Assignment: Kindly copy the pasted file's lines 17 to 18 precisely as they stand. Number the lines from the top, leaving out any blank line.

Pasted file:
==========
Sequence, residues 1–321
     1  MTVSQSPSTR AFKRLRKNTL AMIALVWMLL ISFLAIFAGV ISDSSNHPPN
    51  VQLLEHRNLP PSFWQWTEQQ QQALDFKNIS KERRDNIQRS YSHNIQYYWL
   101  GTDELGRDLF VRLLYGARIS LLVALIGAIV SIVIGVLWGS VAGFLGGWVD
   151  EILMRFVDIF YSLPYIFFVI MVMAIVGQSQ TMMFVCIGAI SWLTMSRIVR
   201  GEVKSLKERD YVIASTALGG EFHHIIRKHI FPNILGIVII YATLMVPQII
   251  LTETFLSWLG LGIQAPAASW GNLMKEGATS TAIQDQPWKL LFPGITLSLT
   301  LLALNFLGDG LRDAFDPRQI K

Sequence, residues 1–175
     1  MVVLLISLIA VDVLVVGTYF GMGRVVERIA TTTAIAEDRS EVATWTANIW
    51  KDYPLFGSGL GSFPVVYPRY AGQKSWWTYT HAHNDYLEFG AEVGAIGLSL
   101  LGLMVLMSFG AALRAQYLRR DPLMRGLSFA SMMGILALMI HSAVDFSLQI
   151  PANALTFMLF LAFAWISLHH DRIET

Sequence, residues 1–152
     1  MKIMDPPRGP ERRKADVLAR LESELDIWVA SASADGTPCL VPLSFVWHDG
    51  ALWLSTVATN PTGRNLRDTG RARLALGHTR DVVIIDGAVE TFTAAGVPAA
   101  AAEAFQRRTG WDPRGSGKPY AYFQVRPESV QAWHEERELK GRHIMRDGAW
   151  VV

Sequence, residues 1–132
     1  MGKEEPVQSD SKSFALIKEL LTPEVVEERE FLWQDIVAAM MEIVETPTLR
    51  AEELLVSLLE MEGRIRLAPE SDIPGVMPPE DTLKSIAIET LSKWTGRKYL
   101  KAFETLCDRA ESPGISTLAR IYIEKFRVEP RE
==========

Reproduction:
   101  AAEAFQRRTG WDPRGSGKPY AYFQVRPESV QAWHEERELK GRHIMRDGAW
   151  VV